The merits of restricting provocation to indictable offences: A critical analysis of provocation law reform in Canada and New South Wales, Australia

Kate Fitz-Gibbon, Elizabeth Sheehy

Research output: Contribution to journalArticleResearchpeer-review

Abstract

This article compares the process and substance of the reform of the partial defence of provocation in New South Wales, Australia, in 2014 and in Canada in 2015. While the two jurisdictions passed laws that similarly restricted the defence, their law reform processes and the impetus that drove the reforms in each jurisdiction were quite disparate. The reformed defence is examined for its impact on the three groups whose access to it has been identified as problematic for different reasons: men who kill their unfaithful or separating women partners; men who kill gay men and argue that they lost control due to a “homosexual advance” or “gay panic”; and women who kill their abusive partners. While concluding that the reforms may succeed in barring many men from the provocation defence for homophobic and intimate partner violence, the authors suggest that it may be neutral or restrictive for women who kill their abusive partners, and, in Canada, in particular, the reform may have broader negative effects on racialized and Muslim women and communities.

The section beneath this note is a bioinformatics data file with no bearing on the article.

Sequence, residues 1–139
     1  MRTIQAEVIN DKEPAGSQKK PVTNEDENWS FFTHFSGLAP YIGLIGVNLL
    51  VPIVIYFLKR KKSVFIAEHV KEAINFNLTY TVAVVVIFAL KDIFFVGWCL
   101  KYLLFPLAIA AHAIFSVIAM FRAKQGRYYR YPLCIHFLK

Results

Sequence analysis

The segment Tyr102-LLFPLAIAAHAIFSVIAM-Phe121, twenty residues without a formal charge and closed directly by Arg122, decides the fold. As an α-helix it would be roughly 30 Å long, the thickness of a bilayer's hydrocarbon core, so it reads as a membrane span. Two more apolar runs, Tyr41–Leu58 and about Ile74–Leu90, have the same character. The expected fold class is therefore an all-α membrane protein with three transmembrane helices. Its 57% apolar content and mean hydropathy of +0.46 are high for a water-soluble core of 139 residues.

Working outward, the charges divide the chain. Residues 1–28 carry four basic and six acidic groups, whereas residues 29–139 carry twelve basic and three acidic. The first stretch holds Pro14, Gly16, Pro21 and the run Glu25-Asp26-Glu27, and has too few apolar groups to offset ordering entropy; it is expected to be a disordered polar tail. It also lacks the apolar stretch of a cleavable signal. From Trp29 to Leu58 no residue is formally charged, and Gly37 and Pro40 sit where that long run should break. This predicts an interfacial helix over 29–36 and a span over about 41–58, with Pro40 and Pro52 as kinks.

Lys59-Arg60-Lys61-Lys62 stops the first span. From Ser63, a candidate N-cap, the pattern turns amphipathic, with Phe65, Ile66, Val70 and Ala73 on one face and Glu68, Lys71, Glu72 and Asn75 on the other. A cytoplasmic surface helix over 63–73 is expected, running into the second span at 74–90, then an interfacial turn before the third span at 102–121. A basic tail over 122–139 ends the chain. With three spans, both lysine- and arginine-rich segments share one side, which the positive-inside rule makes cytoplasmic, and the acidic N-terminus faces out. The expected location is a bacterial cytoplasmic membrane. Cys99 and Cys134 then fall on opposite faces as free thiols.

Original languageEnglish
Pages (from-to)197-230
Number of pages35
JournalCanadian Journal of Women and the Law
Volume31
Issue number2
DOIs
Publication statusPublished - 2019

Cite this